So, I saw hers and then slowly, we started getting some more, and then we ended up picking some favorites. I went to LA, because I live in Dallas, and did chemistry reads. So, she read with a few girls, and then Cami came in and the two of them read together, and it was just like sparks in the room. We could just feel it. It was like you could touch it. It was so clear that they were just amazing together. So, that was it.

We did rehearse, though. They came to town early, and they did pretty extensive rehearsals together. Every scene, we talked over the dynamic, and went through specific things to make sure that they felt as close as they could be as best friends.

One thing I also really enjoyed about this movie is nothing was off-limits. Usually, when you're seeing stories about women, there are certain things that people just don't do, but you go there. There are always these certain expectations of female characters, and you just throw that right out of the window. I loved that.

Augustine Frizzell: Thank you. I just basically made the movie and used things that I wanted to see. I love movies. I watch movies constantly. And I wanted to see the types of girls that I knew, the kind of girl that I was, too. We cussed, we were embarrassed to use the bathroom, we would sneak off to the nearby Whataburger if too many people were at our house to use the bathroom because we didn't want to go. It was too embarrassing. Yeah, we did drugs, we were dirty, it was hot in Texas. You're always sweaty, your makeup's always runny. You always feel nasty and greasy. So, that was just something I wanted to see. I just wanted to be represented, and I wanted other people who've had that experience to be represented and see themselves.

Before we go, I’d love to hear how you ended up pitching this to Kyle Mooney. I really liked him in this.

Augustine Frizzell: You know, we searched so long and hard for Brandon, and it was a really tough character to cast. I'd seen tons of guys, and wasn't finding the perfect person. Casting, to me, is such a big deal. 90% of my job is finding the right cast, and then I don't have to do much. Once they're there, you still have to direct them and lead them, but for the most part that's the majority of the job, so if a person's not right it's just not going to work. I'm really anal about that. We'd seen so many guys—great actors, but no one who was fitting the role the way I wanted them to.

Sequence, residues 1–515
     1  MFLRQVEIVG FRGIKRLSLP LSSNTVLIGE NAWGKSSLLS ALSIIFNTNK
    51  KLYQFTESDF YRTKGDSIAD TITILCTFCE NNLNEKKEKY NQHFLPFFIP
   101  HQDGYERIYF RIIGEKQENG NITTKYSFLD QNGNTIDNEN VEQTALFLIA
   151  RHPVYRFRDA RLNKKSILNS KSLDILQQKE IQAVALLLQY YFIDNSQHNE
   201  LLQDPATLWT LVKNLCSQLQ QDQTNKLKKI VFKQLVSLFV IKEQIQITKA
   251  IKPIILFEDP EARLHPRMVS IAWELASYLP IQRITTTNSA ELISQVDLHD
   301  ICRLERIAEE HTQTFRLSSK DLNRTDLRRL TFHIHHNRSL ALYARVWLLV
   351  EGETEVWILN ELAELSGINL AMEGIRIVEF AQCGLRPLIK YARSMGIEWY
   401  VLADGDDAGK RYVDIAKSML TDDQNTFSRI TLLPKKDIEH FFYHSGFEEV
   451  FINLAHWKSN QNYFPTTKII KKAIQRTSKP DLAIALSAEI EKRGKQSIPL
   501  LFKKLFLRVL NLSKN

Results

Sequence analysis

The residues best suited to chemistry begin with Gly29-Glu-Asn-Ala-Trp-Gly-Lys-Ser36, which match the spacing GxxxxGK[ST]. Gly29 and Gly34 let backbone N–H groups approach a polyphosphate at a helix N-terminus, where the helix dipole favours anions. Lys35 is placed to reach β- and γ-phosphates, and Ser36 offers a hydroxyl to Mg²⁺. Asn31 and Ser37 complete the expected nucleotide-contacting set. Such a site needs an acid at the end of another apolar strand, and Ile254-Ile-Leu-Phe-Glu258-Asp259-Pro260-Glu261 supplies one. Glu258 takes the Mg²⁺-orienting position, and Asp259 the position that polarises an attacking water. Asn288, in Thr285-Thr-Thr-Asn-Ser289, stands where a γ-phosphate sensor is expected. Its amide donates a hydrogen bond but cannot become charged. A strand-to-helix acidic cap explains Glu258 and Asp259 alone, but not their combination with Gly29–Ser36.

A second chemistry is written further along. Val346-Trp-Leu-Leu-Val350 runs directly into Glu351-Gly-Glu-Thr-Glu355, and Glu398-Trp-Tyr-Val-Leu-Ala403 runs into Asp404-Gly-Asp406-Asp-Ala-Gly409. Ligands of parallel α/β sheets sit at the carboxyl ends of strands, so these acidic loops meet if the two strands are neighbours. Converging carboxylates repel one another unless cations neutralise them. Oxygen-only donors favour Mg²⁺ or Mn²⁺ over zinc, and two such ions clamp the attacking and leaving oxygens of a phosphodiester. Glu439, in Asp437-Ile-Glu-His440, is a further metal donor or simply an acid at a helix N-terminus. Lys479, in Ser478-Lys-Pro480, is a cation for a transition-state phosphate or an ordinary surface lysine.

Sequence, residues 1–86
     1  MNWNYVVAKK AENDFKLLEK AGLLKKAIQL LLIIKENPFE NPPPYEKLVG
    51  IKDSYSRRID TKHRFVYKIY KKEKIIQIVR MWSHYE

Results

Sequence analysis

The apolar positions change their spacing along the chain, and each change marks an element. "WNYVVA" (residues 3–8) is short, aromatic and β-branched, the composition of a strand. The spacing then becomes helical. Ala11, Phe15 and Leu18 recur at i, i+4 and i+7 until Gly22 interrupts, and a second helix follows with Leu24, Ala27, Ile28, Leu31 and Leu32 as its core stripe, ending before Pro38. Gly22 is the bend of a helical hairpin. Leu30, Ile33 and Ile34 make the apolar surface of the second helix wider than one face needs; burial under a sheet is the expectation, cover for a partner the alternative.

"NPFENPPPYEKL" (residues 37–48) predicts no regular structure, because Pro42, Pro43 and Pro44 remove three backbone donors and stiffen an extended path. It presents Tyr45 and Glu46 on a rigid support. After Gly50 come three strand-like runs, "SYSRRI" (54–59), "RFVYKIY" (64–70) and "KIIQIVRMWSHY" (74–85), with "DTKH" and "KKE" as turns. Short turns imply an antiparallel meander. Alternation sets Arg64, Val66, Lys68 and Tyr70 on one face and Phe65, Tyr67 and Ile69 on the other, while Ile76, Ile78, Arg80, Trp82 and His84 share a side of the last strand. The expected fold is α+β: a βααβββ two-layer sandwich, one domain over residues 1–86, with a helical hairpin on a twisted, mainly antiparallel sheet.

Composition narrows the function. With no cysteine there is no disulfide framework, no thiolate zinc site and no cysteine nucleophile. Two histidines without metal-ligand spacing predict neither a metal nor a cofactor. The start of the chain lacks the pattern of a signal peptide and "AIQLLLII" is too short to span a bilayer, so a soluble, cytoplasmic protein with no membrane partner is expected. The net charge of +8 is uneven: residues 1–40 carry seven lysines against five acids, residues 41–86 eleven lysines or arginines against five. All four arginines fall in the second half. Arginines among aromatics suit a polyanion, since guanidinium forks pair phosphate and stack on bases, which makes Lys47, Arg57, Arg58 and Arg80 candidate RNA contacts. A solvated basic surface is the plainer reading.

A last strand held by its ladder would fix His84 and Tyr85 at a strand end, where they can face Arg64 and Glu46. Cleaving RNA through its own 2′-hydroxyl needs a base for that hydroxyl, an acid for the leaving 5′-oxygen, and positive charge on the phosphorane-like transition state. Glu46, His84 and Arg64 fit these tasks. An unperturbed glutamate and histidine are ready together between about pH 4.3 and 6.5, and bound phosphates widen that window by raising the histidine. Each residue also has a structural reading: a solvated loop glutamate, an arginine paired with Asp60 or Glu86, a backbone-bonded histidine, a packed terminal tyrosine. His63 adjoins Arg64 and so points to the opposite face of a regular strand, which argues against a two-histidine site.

My daughter, she plays Crystal in the movie, was like, "Oh, you know who would be really good, is Kyle Mooney." And I was just like, "You're right. He'd be so good. He's perfect for the role. I wouldn't even need to see him audition. I would just offer him the role." I got on IMDb and I was like, "Who's his manager?" And found that he shared a manager with a good friend of mine. I wrote my friend, asked him to introduce me to the manager and he said "yes." I wrote an email, and I just sent the script and the next week he wrote back, and he was like, "Okay, I'm sending it to Kyle. I'll let you know." I just tried to move it to the back of my head, because the chances of Kyle saying "yes" were so slim.

But then his manager wrote me back, and he's like, "Kyle does want to do it." I was like, "Ahh!" I literally cried. I sat there and cried, I was so happy. I feel very lucky to have had him in this.


In case you missed it, check here to catch up on our other live coverage of the 2018 Sundance Film Festival!

  • Heather Wixson
    About the Author - Heather Wixson

    Heather A. Wixson was born and raised in the Chicago suburbs, until she followed her dreams and moved to Los Angeles in 2009. A 14-year veteran in the world of horror entertainment journalism, Wixson fell in love with genre films at a very early age, and has spent more than a decade as a writer and supporter of preserving the history of horror and science fiction cinema. Throughout her career, Wixson has contributed to several notable websites, including Fangoria, Dread Central, Terror Tube, and FEARnet, and she currently serves as the Managing Editor for Daily Dead, which has been her home since 2013. She's also written for both Fangoria Magazine & ReMind Magazine, and her latest book project, Monsters, Makeup & Effects: Volume One will be released on October 20, 2021.